storm clouds and a crescent-shaped rock in the foreground
set against a butte in the distance whose rim is reflecting
fiery morning sunlight.
He discovered the area and composed the shot a year before
capturing this particular image on film because he waited
patiently for the right light. Rather than relying purely
on luck, René envisions an image and pursues it until
nature seems to collaborate with him and provides this dramatic
light. He claims with a sense of wryness that “it was
a huge relief” once he took this particular photo in
April of this year because it meant he didn’t have
to keep returning to the same place.
To capture the precision of detail he wants and to be able
to enlarge his photos, René uses a large-format camera.
The film measures 4 x 5 inches. Because of its expense, he
takes very few actual shots with it.
René is definitely friendly and easy to talk with,
but he is clearly an introspective person, comfortable spending
time on his own. This ability to enjoy solitude is reflected
in his images, where human tracks rarely appear.
Apart from two photos featuring Ancient Pueblo pictographs,
René’s images depict faraway horizons and endless
vistas. These vast landscapes represent an entry way into
a mystical new world that is as foreign as it is familiar,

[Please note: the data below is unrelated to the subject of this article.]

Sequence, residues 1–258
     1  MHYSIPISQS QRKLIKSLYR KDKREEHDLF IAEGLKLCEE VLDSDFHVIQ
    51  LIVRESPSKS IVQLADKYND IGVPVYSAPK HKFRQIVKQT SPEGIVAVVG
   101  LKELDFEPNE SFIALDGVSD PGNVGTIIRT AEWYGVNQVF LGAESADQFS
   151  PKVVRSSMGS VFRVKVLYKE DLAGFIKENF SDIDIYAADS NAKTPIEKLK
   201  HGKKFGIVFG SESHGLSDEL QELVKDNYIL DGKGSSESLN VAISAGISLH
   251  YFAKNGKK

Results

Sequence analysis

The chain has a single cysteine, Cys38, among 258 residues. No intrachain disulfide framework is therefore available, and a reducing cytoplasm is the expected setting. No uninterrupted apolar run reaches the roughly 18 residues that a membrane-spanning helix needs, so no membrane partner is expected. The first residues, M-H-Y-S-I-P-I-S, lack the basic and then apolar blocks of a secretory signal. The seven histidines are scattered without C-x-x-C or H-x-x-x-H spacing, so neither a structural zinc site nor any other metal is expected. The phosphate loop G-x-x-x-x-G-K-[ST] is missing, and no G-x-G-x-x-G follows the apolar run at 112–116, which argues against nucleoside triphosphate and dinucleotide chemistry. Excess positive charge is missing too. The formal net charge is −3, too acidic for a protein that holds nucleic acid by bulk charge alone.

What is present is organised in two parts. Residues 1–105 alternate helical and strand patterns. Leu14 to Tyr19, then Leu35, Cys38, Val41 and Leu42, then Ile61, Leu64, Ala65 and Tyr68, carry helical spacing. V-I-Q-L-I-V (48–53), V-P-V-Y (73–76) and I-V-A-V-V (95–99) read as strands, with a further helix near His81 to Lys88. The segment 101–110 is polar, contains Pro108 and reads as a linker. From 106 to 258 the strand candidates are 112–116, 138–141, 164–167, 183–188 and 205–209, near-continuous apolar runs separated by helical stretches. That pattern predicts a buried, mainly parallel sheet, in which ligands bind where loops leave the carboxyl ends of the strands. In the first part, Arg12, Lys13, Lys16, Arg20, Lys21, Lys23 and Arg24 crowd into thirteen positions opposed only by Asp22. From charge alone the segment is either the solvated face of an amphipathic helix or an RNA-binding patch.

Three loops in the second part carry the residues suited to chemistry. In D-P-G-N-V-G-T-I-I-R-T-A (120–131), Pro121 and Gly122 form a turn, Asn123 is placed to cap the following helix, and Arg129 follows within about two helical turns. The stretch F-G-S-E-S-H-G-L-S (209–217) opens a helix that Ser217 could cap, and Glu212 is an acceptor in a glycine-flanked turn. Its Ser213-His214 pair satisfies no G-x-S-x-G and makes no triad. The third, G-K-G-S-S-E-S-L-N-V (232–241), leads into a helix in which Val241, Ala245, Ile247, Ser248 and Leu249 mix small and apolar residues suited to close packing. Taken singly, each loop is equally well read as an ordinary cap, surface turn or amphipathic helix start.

making the viewer ask, “Where is this and can I go
René asserts that part of his purpose in taking these
photographs is to encourage people to visit the wilderness.
He says, “I want to entice people to get out and see
how beautiful it is.”
Because of this desire to represent the
landscapes in their true and pure forms, he avoids using
special effects to enhance his photos, other than to ensure
that the colors on paper are true to the ones he saw in real
A unifying element in his photography is the warm, saturated
sunlight, where reds and golds linger in the viewer’s
mind as an afterimage. The predilection for these glowing
colors is not surprising when René reveals that he
was born in Rousillon, France, whose name reflects its red
He admits that the large format he uses
is particularly adept at reproducing the magnificent colors